Here, Katz's allegations are insufficient to demonstrate that he suffered a cognizable injury sufficient to give him Article III standing in the instant case. Katz appears to allege only the following: that his wife purchased a vehicle that was later recalled; that the recall, consisting of installing a trailer hitch as an added layer of protection, inconvenienced him; that the repairs do not adequately remedy the alleged defect in the vehicle's design; that individuals somewhere in the country were harmed by the vehicle's defect prior to the recall; and that he is entitled to $300, 000 in damages. (Doc. 12). The amended complaint makes clear that the claimed safety issues were never manifest in Katz's vehicle, and that he never suffered any physical harm resulting from the alleged vehicle's defect. As the plaintiff must allege "a distinct and palpable injury to himself, " Warth v. Seldin, 422 U.S. 490, 501 (1975), that "must affect the plaintiff in a personal and individual way, " Lujan, 504 U.S. at 560 n. 1, the absence of such allegations of personal injury are fatal. Moreover, Katz does not allege that he personally suffered any out-of-pocket economic loss as a result of the purportedly inadequate recall, beyond the transportation costs associated with travelling to the dealership twice in order to have the trailer hitch installed.[2] See In re McNeil Consumer Healthcare, 877 F.Supp.2d 254, 273 (E.D. Pa. 2012)("A named plaintiff must allege facts showing that he or she personally suffered economic loss as a result of an inadequate recall to state a cognizable injury on the basis of the recalled product.").

Rather, on the face of the complaint it appears to this Court that Katz merely alleges that the defect places him at increased risk of possible future injury- a defect that materialized in a small percent of persons who bought the automobile in question. However, "fear and apprehension about a possible future physical or medical consequence... is not enough to establish an injury in fact." Georgine v. Amchem Prods., Inc., 83 F.3d 610, 636 (3d Cir. 1996) (Wellford, J., concurring); see also Frank v. DaimlerChrysler Corp., 292 A.D.2d 118, 741 N.Y.S.2d 9, 17 (2d Dep't 2002) (affirming dismissal of product liability claims where plaintiff failed to suffer or allege actual injury); Hubbard v. General Motors Corp., 1996 WL 274018 *3 (S.D.N.Y.1996) (finding that purchaser of allegedly defective product has no claim where the alleged defect has not manifested itself in purchaser's product); Yost v. General Motors Corp., 651 F.Supp. 656, 657 (D.N.J.1986) (noting that an allegation that a leak was "likely" to occur and "may" create a safety hazard insufficient to avoid dismissal for failure to allege damages). As Katz fails to establish injury in fact for the purposes of Article III standing, this Court recommends dismissal of the complaint for lack of subject-matter jurisdiction.[3]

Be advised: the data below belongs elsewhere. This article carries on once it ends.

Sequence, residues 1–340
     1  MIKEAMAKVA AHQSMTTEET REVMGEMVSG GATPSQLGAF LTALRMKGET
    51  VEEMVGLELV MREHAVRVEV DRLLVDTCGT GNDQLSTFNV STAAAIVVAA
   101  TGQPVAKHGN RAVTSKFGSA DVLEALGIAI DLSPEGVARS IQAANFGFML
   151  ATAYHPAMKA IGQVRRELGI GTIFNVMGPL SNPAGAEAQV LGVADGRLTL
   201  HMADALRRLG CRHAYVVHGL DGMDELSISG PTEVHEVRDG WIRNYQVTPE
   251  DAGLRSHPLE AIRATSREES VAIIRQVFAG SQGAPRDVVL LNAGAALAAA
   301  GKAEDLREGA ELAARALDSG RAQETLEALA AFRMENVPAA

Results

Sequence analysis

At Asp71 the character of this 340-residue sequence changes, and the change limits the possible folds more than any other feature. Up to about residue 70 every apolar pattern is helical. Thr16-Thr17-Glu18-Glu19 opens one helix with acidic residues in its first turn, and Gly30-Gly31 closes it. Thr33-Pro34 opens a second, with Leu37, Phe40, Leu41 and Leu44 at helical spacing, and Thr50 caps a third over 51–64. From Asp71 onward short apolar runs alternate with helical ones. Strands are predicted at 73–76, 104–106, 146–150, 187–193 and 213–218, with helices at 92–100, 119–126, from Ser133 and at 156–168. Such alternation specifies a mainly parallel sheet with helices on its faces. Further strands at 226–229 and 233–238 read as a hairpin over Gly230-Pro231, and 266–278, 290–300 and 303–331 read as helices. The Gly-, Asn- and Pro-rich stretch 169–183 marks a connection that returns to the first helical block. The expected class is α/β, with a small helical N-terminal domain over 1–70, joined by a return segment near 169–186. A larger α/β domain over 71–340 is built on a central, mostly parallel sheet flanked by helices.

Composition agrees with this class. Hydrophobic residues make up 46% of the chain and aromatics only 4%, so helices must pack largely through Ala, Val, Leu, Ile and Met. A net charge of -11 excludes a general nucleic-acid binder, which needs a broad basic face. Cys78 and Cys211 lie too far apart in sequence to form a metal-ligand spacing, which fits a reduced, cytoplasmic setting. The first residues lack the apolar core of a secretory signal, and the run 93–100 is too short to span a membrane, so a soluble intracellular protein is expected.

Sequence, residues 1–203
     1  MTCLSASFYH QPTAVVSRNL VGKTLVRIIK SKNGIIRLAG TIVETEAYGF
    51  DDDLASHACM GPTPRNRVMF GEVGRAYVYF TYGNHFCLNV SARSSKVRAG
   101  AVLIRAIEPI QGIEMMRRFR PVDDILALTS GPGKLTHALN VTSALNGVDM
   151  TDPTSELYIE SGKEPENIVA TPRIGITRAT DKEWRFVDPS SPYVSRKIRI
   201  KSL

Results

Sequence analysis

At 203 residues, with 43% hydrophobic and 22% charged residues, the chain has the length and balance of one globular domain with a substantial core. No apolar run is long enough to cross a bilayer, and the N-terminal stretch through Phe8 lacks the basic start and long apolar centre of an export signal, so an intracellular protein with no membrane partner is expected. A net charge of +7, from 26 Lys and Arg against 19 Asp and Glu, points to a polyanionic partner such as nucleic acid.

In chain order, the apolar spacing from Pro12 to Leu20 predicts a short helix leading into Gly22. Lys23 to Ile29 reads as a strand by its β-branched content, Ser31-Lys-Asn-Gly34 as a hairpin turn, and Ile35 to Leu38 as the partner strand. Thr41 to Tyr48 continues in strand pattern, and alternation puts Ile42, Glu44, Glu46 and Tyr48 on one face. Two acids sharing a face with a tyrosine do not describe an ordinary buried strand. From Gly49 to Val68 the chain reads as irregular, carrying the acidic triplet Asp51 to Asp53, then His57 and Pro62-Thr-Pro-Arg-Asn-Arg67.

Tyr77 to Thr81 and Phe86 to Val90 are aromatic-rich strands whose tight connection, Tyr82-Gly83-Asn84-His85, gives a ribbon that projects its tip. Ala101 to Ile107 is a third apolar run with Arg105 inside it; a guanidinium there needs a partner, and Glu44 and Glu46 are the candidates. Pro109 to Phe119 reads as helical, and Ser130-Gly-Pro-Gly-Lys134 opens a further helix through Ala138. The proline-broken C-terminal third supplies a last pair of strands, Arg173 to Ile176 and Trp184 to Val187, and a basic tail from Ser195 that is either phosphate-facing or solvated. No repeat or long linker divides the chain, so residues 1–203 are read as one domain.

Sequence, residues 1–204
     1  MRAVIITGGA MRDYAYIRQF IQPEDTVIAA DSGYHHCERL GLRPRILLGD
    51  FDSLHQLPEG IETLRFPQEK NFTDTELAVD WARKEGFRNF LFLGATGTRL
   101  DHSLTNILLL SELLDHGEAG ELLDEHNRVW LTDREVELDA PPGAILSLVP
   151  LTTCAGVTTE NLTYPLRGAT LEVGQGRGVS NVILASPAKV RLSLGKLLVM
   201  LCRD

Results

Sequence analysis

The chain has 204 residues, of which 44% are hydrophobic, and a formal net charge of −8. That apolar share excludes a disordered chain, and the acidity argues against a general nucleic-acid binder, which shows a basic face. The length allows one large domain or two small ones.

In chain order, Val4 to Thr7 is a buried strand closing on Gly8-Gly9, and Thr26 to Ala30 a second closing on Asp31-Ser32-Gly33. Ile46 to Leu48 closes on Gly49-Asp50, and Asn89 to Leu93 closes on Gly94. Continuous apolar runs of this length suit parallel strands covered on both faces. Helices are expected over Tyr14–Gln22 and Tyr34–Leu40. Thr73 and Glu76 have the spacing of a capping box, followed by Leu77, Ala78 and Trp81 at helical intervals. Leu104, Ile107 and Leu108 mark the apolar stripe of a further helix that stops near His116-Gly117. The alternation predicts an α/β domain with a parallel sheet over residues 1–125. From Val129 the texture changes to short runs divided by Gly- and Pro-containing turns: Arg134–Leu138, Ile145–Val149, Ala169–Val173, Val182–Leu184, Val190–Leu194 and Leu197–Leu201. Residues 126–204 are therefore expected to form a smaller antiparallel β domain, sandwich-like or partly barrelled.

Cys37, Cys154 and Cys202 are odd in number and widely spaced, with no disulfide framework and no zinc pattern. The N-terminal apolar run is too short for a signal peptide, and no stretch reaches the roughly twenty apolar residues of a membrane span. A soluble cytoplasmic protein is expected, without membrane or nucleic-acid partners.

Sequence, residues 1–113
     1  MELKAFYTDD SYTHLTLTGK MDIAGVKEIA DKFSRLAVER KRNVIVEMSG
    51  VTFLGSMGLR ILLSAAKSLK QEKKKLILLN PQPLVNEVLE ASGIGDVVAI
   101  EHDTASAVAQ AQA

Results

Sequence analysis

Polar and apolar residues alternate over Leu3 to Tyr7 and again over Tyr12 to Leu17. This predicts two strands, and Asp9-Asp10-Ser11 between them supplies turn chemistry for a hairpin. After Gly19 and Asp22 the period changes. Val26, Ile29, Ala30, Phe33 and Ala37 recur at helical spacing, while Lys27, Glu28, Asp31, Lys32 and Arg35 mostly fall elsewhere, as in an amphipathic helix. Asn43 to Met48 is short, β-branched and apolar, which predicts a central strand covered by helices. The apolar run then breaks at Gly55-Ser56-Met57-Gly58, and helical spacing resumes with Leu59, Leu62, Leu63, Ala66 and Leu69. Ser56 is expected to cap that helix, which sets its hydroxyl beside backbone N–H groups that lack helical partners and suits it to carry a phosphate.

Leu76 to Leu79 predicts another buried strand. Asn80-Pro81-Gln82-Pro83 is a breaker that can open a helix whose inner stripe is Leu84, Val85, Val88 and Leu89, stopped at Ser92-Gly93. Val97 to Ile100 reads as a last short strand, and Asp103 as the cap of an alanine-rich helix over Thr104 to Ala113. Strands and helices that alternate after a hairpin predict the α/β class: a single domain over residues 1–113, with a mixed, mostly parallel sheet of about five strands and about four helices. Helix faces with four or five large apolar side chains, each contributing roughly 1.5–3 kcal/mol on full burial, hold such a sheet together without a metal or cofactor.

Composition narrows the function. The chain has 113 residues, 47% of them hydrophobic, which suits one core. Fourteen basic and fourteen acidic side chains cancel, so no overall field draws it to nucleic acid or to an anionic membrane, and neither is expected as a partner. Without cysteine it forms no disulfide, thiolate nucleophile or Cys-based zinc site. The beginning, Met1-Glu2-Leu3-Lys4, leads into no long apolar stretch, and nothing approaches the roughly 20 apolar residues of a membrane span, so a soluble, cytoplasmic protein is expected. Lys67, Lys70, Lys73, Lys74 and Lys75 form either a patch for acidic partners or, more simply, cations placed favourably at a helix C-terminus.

Finally, the Third Circuit has acknowledged that a district court has "substantial leeway in deciding whether to grant leave to amend." Lake v. Arnold, 232 F.3d 360, 373 (3d Cir.2000). "Denial of leave to amend a complaint is especially appropriate where a party has already been given the opportunity to amend the complaint." In re Avandia Mktg., Sales Practices & Products Liab. Litig., 564 F.Appx. 672, 673 (3d Cir. 2014) ( citing Lake, 232 F.3d at 373("[W]e are inclined to give the District Court even broader discretion when, as here, the court has already granted the requesting party an opportunity to amend its complaint."). Here, this Court granted Katz an opportunity to amend his original complaint, but he has failed to cure the complaint's pleading deficiencies. As such, it is recommended that Katz not be given further leave to amend his complaint.


Based on the foregoing, it is recommended that the amended complaint. (Doc. 12) be DISMISSED for lack of subject-matter jurisdiction, and the Clerk ...